Okay, if you don't want to celebrate Christmas in honor of Jesus' birth, I have no problem with that. Romans 14 makes it clear that people are going to come to different conclusions about such matters:
HCSB Rom 14:5 One person considers one day to be above another day. Someone else considers every day to be the same. Each one must be fully convinced in his own mind. 6 Whoever observes the day, observes it to the Lord. Whoever eats, eats to the Lord, since he gives thanks to God; and whoever does not eat, it is to the Lord that he does not eat, yet he thanks God. 7 For none of us lives to himself, and no one dies to himself. 8 If we live, we live to the Lord; and if we die, we die to the Lord. Therefore, whether we live or die, we belong to the Lord.
Paul continues that we should not offend one another in these issues, and that we are to get along, not looking down on one another over "doubtful issues" (v.1), saying that each of God's servants stands or falls before the Lord, not before us criticizers (v. 4), and that "stand he will! For the Lord is able to make him stand" (v. 4).
He finishes up this chapter with:
21 It is a noble thing not to eat meat, or drink wine, or do anything that makes your brother stumble. 22 Do you have faith? Keep it to yourself before God. Blessed is the man who does not condemn himself by what he approves. 23 But whoever doubts stands condemned if he eats, because his eating is not from faith, and everything that is not from faith is sin.This last line is often paired with Romans 10:17 ("faith cometh by hearing, and hearing by the word of God") to conclude that anything we do in a religious sense must be authorized by the written Word of God, but I believe that's mixing two different "faith" definitions. The Romans 10:17 faith is a faith that brings us into a saved relationship with Jesus; the Romans 14:23 faith is a confidence that we are not condemning ourselves by what we approve (v. 22), specifically in the realm of disputable matters such as eating of certain meets or observing certain holidays, etc, which Paul plainly states is okay either way so long as it's done in honor of the Lord.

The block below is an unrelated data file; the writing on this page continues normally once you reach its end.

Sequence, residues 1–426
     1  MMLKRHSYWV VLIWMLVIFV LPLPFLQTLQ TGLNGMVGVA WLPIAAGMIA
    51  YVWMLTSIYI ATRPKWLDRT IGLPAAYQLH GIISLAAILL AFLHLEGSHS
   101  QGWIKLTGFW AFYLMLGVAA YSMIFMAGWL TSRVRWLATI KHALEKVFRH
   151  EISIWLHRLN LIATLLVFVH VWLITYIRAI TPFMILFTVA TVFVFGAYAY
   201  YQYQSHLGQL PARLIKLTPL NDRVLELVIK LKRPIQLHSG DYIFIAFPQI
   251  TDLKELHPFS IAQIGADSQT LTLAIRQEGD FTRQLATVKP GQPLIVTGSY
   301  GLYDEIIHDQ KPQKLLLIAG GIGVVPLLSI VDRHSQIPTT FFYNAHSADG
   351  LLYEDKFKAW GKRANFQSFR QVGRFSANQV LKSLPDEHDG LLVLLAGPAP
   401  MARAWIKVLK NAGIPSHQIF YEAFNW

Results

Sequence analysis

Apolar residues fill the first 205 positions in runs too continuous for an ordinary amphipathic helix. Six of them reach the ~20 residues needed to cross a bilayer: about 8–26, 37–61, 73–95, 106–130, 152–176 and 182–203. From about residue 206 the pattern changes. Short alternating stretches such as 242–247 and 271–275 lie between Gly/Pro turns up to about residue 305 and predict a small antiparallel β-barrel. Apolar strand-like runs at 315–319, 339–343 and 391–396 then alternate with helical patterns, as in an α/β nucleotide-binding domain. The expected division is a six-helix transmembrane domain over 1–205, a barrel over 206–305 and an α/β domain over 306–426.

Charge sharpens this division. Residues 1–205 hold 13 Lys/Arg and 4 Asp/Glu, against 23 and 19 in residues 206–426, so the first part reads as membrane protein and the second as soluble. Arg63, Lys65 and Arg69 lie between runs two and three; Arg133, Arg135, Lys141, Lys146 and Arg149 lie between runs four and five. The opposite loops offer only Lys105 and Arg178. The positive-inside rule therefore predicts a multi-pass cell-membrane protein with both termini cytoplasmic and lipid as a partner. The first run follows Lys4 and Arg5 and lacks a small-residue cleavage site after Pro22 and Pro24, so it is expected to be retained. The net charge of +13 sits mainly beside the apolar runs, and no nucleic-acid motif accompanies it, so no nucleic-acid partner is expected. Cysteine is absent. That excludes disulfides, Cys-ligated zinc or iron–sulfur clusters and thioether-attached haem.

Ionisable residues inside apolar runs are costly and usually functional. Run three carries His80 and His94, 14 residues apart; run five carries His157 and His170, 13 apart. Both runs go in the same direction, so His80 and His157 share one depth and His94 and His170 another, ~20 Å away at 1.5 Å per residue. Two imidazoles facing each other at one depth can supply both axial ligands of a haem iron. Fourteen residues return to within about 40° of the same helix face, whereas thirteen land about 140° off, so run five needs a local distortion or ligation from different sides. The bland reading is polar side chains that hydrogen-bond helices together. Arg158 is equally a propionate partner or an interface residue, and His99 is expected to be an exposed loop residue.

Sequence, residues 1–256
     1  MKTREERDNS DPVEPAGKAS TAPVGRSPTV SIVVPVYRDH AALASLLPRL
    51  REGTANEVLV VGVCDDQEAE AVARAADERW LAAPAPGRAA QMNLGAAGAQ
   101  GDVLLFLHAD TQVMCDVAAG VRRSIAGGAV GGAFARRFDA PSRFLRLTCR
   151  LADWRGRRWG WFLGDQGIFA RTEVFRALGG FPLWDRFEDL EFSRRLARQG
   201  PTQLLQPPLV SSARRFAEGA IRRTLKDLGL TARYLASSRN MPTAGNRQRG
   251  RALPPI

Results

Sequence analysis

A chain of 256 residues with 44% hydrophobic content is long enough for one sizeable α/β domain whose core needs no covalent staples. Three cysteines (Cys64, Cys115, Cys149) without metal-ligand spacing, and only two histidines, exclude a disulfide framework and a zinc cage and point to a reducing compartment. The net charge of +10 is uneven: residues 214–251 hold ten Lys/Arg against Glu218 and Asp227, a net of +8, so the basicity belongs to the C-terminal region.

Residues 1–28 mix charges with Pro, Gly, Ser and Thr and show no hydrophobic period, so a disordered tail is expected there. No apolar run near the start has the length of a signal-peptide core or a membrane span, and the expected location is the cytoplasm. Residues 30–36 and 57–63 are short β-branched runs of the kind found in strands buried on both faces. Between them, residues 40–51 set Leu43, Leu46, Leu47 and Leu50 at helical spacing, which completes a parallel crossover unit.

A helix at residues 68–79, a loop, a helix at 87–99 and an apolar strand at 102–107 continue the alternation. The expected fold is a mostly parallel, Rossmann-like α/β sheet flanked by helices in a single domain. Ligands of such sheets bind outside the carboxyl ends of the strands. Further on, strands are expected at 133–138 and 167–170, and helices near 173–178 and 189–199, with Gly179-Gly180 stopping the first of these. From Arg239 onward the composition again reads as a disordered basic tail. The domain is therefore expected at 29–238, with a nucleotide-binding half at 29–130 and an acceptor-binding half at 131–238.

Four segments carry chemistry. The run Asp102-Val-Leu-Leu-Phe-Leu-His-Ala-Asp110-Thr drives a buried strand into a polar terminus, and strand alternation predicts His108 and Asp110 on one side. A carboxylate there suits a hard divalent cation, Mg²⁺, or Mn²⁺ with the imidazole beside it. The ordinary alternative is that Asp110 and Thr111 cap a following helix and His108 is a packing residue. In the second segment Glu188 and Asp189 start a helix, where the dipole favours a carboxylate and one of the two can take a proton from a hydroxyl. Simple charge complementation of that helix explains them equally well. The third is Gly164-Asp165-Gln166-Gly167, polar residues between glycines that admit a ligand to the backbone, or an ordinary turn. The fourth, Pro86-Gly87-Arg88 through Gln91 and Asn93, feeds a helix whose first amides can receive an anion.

Now, one final point:
HCSB Luke 2:10 But the angel said to them, "Don't be afraid, for look, I proclaim to you good news of great joy that will be for all the people: 11 today a Savior, who is Messiah the Lord, was born for you in the city of David. 12 This will be the sign for you: you will find a baby wrapped snugly in cloth and lying in a manger."
The written word of God said that the birth of Jesus is good news of great joy for all people. Then these angels broke out in joyous praise, followed by a party-attitude of the shepherds, the old man Simeon, and the old woman Anna. Should we not also be allowed to have a party-attitude about the birth of Jesus?
If so, when? Every day? Once a month? Once a year? Twice in a lifetime? How often, and when, does the Scripture tell us to celebrate the birth of Jesus?
But it does tell us that his birth is worth celebrating, for all the people, not just for those immediately involved. It seems to me that the frequency and timing has been left up to us.
But if you don't want to, that's between you and God, as Romans 14 says. On the other hand, if you do want to, that's between you and God, as Romans 14 says.